My Day by Eleanor Roosevelt

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NEW YORK, Monday—We were delighted to have Her Royal Highness, the Princess Juliana of the Netherlands, arrive at the White House early Saturday afternoon to spend the weekend with us.

After two appointments in the afternoon on Saturday, I went to the Corcoran Art Gallery to look at the 19th biennial exhibition of contemporary American oil paintings.

At 5 o'clock the former consul at Niagara Falls, Canada, the Hon. Lynn W. Franklin, and Mrs. Franklin came to have tea with me before leaving for Curacao. Mrs. Stephen B. Ives also came, and brought three of her friends, Mrs. John Chafee, Mrs. John Sensenbrenner and Mrs. George D. Seldon.

Saturday evening we had a small, informal dinner for the Princess Juliana, and Sunday we had a few people at lunch. Sunday, on the whole, was a quiet day, but at 4 o'clock I had my usual party for servicemen from Walter Reed and St. Elizabeth's hospitals. We had a few guests for Sunday evening supper.

Sometimes one finds oneself doing strange things! It would have been far easier to go straight from Washington to Greensboro, North Carolina, where I have to spend Tuesday and Wednesday, but long before I made that engagement I agreed to speak today at the interdenominational ministers meeting in New York, so we journeyed up here this morning. I will have an opportunity to see my cousin, Mrs. Henry Parish, who has not been well, and then will go to the meeting and take the train tonight.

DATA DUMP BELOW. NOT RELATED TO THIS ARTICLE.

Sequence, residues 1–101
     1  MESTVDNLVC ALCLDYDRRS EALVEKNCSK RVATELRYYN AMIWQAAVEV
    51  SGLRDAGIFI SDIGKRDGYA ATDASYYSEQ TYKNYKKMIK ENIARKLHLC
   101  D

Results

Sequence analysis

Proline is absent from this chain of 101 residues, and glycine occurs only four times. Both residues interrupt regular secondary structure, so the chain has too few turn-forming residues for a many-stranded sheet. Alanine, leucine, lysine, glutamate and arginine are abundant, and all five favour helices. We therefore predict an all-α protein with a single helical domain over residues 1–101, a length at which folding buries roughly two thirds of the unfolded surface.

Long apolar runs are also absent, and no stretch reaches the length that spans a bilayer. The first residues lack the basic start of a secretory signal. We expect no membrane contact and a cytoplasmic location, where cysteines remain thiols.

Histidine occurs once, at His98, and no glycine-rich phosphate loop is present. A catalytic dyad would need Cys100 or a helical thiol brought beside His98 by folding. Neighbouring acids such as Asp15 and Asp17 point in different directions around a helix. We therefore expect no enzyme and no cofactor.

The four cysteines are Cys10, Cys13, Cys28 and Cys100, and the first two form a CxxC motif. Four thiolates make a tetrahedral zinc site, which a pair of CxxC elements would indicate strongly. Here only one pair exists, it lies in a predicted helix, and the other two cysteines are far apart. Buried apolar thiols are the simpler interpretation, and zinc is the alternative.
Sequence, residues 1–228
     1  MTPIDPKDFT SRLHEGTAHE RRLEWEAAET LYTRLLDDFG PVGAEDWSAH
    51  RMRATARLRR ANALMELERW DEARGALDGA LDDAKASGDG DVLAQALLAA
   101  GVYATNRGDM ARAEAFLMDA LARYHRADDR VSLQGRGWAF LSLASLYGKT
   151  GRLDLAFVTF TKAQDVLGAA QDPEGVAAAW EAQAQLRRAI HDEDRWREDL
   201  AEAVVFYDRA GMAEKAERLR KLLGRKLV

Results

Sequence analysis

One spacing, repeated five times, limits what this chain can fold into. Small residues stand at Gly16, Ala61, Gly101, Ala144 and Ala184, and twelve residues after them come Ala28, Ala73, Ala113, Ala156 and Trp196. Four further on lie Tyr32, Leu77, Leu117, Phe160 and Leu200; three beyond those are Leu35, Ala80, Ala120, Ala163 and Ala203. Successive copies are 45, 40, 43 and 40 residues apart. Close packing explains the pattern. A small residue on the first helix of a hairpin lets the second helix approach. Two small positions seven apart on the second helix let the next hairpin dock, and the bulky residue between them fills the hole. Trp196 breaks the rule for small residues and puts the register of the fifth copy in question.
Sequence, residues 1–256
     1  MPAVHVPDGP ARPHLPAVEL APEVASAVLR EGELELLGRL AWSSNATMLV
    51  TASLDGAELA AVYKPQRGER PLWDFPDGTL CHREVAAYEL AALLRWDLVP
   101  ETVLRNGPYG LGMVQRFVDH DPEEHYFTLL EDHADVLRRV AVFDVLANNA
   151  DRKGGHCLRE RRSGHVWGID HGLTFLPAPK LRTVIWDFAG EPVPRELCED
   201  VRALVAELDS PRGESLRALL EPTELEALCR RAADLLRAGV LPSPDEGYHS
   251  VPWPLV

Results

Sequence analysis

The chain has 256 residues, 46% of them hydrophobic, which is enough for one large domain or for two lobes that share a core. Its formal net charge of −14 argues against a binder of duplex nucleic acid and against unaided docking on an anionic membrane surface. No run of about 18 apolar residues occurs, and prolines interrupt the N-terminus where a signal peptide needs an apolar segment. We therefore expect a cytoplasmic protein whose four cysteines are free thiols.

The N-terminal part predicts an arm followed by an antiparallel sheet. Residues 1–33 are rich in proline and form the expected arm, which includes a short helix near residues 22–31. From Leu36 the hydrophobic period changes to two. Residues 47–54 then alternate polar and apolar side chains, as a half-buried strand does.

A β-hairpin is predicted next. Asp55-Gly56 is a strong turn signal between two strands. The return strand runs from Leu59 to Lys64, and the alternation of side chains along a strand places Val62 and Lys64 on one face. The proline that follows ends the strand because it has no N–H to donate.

In one of the papers the other day, the results of a poll of the Senate on the question of setting up some machinery for international cooperation were published. It is interesting to note that the real difficulty of getting a plan for some kind of organization through the Senate will not come from those who want no such organization. It will come from the perfectionists and the reservationists, who want an organization very badly, but who want only their own kind of organization or one that is in some respect different from what the other United Nations agree on.

When you realize that other nations must have the same anxieties about subordinating their sovereignty that we have, one almost despairs of this effort to set up cooperative machinery on which to build peace. It is going to be well nigh impossible unless the people of this country state in no uncertain terms to their representatives that no one will be forgiven who prevents the setting up of some international machinery because of any specific objection.

Compromise means that everybody gives way a little. Those who cannot compromise should be looked down upon by their neighbors and their constituents.

E. R.
TMs, AERP, FDRL